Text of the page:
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The Scratch Community

This video highlights the ways in which you can interact with the Scratch community.
One of the great things about Scratch is the community. And in this short video, I want to show you some of the ways that you can interact with other Scratch makers. The Home page contains curated interesting projects, as well as projects from people that you follow.
If you have a rough idea of what you’re looking for, you can also use the Search bar to find projects by typing in keywords.
If I click a project– I’ll choose this one here– you’ll see that there are a few things I can do. I can click Love to show I like the project I can favourite a project, which is a little bit like bookmarking. I can also report projects if they contain inappropriate content. And if I scroll down, you’ll see that I can also leave comments.
You can also click usernames. And then you can decide to follow individual users who make interesting things.
Yo can also click Copy Link to share a link to your project with other people.
You’ll notice a comment down here that says, here’s a boat race with a high school. The way they took this code and made improvements to it is by remixing the project. And you can see all the different remixes down the right hand side.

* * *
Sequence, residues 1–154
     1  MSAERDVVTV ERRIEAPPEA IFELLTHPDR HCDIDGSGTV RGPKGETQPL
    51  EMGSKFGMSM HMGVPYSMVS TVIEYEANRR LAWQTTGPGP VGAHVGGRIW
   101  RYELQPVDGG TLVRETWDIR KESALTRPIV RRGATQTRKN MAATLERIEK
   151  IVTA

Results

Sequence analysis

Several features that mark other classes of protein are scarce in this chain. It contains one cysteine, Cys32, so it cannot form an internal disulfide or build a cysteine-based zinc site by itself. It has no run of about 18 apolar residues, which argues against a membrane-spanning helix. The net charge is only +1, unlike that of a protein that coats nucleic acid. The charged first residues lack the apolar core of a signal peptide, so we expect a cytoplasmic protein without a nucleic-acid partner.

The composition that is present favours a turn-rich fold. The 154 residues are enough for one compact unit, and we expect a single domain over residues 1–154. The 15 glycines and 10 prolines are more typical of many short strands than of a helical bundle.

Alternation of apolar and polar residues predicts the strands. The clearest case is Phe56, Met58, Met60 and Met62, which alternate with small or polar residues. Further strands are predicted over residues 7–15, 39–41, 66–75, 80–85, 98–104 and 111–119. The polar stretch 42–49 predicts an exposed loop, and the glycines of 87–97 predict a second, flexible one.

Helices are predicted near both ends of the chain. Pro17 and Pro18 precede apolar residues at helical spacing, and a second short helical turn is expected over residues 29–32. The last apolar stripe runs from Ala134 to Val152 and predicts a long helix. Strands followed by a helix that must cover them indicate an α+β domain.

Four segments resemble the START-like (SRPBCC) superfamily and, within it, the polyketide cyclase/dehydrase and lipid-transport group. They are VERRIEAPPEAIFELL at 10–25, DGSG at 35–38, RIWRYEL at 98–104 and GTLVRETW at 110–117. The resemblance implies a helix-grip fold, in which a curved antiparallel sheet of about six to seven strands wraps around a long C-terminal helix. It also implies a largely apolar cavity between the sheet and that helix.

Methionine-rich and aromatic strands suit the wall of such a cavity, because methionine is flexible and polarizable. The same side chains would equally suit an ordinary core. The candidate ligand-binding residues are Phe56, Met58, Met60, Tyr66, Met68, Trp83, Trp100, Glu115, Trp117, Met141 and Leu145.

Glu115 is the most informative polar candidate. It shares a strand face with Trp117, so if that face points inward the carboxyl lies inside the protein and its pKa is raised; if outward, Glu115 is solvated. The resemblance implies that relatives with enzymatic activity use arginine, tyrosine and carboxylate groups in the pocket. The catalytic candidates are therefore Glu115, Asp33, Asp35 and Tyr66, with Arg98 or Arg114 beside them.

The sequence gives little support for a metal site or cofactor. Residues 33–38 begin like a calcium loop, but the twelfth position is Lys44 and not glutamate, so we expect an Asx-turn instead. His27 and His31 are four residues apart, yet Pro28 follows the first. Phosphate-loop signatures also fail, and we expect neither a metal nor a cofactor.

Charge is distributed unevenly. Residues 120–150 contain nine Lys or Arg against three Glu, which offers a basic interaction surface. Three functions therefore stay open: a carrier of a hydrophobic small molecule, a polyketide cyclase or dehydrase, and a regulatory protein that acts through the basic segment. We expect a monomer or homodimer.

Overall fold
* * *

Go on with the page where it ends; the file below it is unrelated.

I can remix this project by clicking this Remix button, here. I can then adapt or improve the project. For example, I might decide to remove the sounds. Or I might decide to edit the text.
Or I might speed up the obstacles. And then I can save my version of the project. This is a really powerful idea as it allows you, as an educator, to create a starting point for your learners to build on. It’s also a great way to explore Scratch initially. Looking at code from others in the community, observing what the code does, making small changes, and observing the effects. If I go back to the Home page, you can see that you can also click on Ideas to have a look at some getting started guides, and some tutorials, and more support.
And then, there’s also Scratch News.
And this is part of a wider Scratch discussion forum, as well. This may be more useful to you than your learners, depending on their age. So as you can see, Scratch is about more than just making things. It’s about being part of a supportive community. It’s about having a real audience for your creations, sharing ideas, and supporting each other.

This video highlights ways to interact with the Scratch community.

There are further instructions on creating Scratch accounts for your learners on the Code Club projects site. Remember that learners should use an alias for their username, so that they can’t be identified online.

As an educator, you may also prefer to use an alias, especially if you want to use your Scratch account to tinker with ideas, and have the freedom to make mistakes anonymously. But in any event, other community members can only see the projects that you have chosen to share, and you are free to unshare projects at any time.

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Teaching Programming in Primary Schools

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